Judaic Studies


KYHS students immerse themselves in Judaic Studies classes that challenge them to expand their understanding of Torah SheBichtav and Torah SheBa’al Peh, broaden their textual and analytical skills, and deepen their connection to Jewish identity and practice. Our dynamic team of Rebbeim and Morot guide our students to develop the desire and ability to become independent lifelong Torah learners.

Our Limudei Kodesh classes, tracked by gender and proficiency, are designed to maximize each student’s personal, academic, and religious growth. Our Judaic Studies program includes core courses in Tanach, Gemara, Halacha, and Ivrit, in addition to a weekly Hashkafa class. Students are also offered optional learning opportunities throughout the week in programs such as Beit Midrash, Night Seder, and Mishmar.

תורה שבכתב


Our four-year curriculum encompasses an intensive study of selected sections of Torah, Neviim, and Ketuvim with a focus on building skills in the areas of textual analysis, critical thinking and reasoning, and fluency in the reading and comprehension of both primary and secondary sources. Our Chumash/Tanach classes allow students to consider familiar Torah stories from a more mature perspective, considering deeper layers of meaning and varied interpretations. Our Navi classes focus on analyzing the major events, personalities, and challenges of Biblical Jewish History to extract the messages that are still relevant in contemporary times.
Grade 9
Our freshmen study the end of Sefer Bereishit, concentrating on the story of Yosef and his conflict with his brothers. Themes include birthright and Jewish legacy, morality, and leadership.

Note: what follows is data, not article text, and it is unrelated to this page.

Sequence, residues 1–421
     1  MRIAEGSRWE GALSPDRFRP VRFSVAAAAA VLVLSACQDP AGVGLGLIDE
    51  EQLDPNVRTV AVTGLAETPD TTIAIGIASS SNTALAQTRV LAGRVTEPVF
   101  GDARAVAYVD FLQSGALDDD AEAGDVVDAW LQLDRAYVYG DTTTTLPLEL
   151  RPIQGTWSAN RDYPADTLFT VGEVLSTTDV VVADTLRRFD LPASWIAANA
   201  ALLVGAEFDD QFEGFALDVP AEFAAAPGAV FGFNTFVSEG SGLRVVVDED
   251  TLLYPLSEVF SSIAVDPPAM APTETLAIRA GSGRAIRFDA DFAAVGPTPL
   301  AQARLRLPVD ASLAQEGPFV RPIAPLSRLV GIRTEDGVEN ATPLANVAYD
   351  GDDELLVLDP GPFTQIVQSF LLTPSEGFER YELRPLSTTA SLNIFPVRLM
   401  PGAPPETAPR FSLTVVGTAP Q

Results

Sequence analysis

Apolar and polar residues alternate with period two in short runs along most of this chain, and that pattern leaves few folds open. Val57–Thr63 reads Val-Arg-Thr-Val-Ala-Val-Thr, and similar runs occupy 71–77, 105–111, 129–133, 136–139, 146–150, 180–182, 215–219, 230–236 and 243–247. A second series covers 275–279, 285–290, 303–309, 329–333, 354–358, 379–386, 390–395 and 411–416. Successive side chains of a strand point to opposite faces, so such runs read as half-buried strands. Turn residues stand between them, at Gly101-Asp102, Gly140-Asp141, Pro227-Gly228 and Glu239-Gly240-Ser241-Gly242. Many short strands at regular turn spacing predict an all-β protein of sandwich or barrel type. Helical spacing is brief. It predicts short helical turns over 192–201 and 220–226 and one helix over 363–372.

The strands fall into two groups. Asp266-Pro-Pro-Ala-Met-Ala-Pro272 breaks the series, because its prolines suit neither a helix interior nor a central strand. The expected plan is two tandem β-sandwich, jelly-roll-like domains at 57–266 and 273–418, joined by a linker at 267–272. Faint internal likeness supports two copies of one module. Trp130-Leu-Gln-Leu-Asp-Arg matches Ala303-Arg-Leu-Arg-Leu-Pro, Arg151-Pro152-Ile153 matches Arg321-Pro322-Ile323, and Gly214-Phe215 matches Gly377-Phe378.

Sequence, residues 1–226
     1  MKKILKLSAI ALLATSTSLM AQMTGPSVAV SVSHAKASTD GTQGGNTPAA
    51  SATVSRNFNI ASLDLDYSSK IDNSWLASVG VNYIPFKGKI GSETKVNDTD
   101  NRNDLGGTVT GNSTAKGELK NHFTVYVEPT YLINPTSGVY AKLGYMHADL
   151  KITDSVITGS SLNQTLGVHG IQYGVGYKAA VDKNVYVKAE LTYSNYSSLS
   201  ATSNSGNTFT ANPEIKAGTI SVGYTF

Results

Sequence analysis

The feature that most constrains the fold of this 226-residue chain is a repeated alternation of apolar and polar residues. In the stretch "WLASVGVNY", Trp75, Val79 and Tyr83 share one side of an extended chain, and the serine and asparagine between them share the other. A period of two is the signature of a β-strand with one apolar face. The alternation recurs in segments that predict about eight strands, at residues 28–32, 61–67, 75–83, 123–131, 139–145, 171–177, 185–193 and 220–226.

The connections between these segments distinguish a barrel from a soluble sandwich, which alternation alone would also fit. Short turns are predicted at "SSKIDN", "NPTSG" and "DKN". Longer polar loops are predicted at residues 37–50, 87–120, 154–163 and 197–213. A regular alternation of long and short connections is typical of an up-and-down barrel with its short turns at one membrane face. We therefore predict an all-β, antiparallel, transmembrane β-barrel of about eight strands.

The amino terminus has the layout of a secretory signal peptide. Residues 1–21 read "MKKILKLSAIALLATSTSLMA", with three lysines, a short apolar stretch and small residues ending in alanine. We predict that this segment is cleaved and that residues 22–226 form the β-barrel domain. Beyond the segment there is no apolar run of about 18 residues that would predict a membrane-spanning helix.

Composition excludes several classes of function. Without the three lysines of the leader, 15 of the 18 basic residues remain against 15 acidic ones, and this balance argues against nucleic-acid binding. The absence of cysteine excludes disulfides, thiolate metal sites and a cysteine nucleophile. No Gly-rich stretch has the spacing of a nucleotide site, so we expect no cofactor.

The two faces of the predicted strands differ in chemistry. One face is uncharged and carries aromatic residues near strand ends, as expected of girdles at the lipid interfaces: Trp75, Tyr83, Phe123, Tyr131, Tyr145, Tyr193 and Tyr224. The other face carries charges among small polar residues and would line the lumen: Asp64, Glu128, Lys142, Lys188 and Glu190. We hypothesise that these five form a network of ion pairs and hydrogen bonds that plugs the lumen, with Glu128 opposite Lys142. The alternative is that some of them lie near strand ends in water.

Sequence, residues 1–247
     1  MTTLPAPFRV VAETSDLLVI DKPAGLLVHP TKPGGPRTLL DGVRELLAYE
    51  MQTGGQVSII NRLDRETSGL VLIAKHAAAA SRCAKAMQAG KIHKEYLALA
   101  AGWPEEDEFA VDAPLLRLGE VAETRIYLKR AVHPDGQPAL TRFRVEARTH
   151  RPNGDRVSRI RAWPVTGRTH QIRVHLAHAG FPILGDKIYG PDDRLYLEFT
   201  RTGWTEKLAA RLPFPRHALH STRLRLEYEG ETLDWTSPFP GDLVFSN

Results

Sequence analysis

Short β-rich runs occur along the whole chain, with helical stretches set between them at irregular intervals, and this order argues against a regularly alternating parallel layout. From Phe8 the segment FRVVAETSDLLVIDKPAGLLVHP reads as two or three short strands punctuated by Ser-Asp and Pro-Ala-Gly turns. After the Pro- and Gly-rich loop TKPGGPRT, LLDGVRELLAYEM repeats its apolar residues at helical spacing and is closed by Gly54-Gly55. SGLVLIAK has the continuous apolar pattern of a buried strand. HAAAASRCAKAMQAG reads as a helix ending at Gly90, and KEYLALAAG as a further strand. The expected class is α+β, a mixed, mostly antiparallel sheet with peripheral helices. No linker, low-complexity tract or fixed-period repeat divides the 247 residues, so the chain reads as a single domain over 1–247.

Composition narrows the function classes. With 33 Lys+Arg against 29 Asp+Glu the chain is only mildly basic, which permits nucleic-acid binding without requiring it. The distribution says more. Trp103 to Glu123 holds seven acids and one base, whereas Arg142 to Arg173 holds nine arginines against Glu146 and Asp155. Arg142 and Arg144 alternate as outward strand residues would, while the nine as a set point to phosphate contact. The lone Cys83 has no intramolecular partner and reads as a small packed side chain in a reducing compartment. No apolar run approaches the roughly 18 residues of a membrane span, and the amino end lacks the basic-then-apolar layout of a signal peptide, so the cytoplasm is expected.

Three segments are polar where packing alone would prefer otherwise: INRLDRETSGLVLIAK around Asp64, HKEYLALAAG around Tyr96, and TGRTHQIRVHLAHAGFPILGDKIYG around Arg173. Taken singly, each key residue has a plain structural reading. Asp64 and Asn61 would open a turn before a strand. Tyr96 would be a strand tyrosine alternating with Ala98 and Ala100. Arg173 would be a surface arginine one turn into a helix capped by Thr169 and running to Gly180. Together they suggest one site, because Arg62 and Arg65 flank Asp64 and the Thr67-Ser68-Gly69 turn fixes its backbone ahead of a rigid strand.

Grade 10
Our sophomores study of the beginning of Sefer Shmot, concentrating on the story of Jewish slavery in Egypt and the ultimate exodus. Themes include Jewish identity, exile and redemption, free will vs determinism, and the beginning of Jewish Nationhood.
Grade 11
Our juniors study the middle chapters of Sefer Bamidbar, concentrating on the trials and tribulations during the  40 years of wandering in the wilderness. Themes include the individual vs. the community, struggle and conflict, Jewish leadership and the evolution of Jewish society.
Grade 12
Our seniors study the beginning perakim of Sefer Bereishit, focusing on some of the deeper philosophical topics such as the purpose of the creation of humankind, good and evil, the foundations of our faith, and the paradigmatic nature of our avot and imahot.
Grade 9
Our freshmen classes study the first 17 chapters of Melachim II, focusing on the Northern Kingdom of Israel, its struggles with surrounding enemy nations, the failure of its leadership, and its ultimate decline. Themes include balancing politics and religion, the relationship between the King and the Navi, the epic struggle with idolatry, and the Ten Lost Tribes.
Grade 10
Our sophomore classes study the last 8 chapters of Melachim II, Yirmiyahu, and Yechezkel, focusing on the Southern Kingdom of Yehuda, its struggle to survive Assyrian and then Babylonian pressure, its failure to acknowledge its vulnerability, and the resulting exile to Bavel. Themes include the evolving role of the Navi, different prophetic personalities, and Jewish identity in exile.